Based on our experience, even the cheapest Rebel camera can take amazingly beautiful photos if you pair it with a really good lens. If you want to up your photo game, we think skipping the kit lens and spending more on a better one is a good approach, since the T7i and 77D use the same parts as the 80D, a camera that we really love.
With that said, the 80D is only $100 more than the 77D, so you may want to consider going with that model for a bit better performance, like faster continuous shooting, better build quality, and wider ISO range. Since you can now get 80D-level specs and performance in entry-level models, we would not be surprised if Canon updates that enthusiast camera soon with trickled down tech from higher-end EOS DSLRs.
Are these cameras worthy upgrades? From a photo standpoint, absolutely. In our tests, we found the 80D capable of capturing great looking images, and we’re glad to see Canon trickle down the tech to the Rebels, instead of reusing outdated tech. If you want to get into video, however, you may be disappointed that these won’t shoot 4K. We think it’s a missed opportunity again for Canon (a leader in video cameras), as 4K would provide some future-proofing and downscaling to Full HD. However, 4K hasn’t hit mass adoption yet, and these cameras will do nice looking videos at 1080 at 60p.
With that said, Canon has brought its Dual Pixel system to entry-level models, and this is a big deal for video autofocusing. Compared to the Hybrid AF system employed by previous Rebel models, Dual Pixel just works better – a highlight feature in the 80D that we’re glad to see in a Rebel. So, while you don’t have 4K, you do have a really strong AF system.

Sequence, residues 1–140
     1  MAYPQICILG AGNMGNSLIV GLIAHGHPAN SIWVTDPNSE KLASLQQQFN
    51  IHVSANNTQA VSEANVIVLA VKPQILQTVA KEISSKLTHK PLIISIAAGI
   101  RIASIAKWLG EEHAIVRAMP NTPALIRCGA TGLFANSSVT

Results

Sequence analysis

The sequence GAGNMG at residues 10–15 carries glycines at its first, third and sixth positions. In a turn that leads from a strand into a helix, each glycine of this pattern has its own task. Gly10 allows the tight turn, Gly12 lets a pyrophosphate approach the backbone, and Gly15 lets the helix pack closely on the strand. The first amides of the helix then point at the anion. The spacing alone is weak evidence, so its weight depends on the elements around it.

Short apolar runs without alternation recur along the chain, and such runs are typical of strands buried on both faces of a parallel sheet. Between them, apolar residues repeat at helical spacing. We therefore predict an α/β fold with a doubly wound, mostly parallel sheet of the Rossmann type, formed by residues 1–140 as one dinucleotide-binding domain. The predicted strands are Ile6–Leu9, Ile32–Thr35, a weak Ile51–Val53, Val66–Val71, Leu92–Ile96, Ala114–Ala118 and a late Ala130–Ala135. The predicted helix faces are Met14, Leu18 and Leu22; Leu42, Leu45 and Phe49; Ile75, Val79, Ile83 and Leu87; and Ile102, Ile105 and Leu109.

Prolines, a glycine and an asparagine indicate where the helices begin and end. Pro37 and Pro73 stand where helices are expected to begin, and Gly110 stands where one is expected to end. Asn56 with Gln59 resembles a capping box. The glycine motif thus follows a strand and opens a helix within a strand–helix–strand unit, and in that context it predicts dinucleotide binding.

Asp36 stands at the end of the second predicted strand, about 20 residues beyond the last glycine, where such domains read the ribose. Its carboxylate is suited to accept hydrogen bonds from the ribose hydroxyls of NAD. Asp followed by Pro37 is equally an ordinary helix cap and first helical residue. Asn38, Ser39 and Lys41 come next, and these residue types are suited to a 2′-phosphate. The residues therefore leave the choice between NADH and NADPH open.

As we said, we love the 80D, and if these new cameras perform just as well, we think they’d be solid buys for new users or Rebel owner looking for an upgrade. But until we spend more time on a full review, we will withhold judgment.
A new kit lens and Bluetooth remote
Both the 77D and T7i can be kitted with a new version of Canon’s 18-55mm lens, which now features a slightly slower f/4-5.6 aperture. Despite the loss of a third-stop of light gathering capability at the wide end, most users will likely appreciate what this lens offers over its predecessor. Canon claims it is 20-percent smaller and stabilization has been improved to offer up to four stops of shake reduction. By itself, the EF-S 18-55mm f/4-5.6 IS STM will retail for $250 with availability scheduled for April.
Canon also introduced the BR-E1 Bluetooth remote, which works with both the T7i and 77D. Compared to traditional IR remotes, the BR-E1 will allow photographers to trigger the camera from anywhere within a 16-foot radius of the camera without the need for a direct line-of-sight. The new remote should also be available in April and will sell for $50. Even without the remote, users can control the new cameras over Bluetooth from the Canon Camera Connect app for iOS and Android.
In other news, Canon also issued a firmware update for its Canon Connect Station CS100 digital media hub. The CS100 is built around a one terabyte hard drive and lets users store, share, and display images and videos on their televisions over HDMI or wirelessly on mobile devices. The update adds support for non-Canon cameras, improves smartphone compatibility, and allows for playback of videos that have been edited on a computer. Click here to read more about the CS100.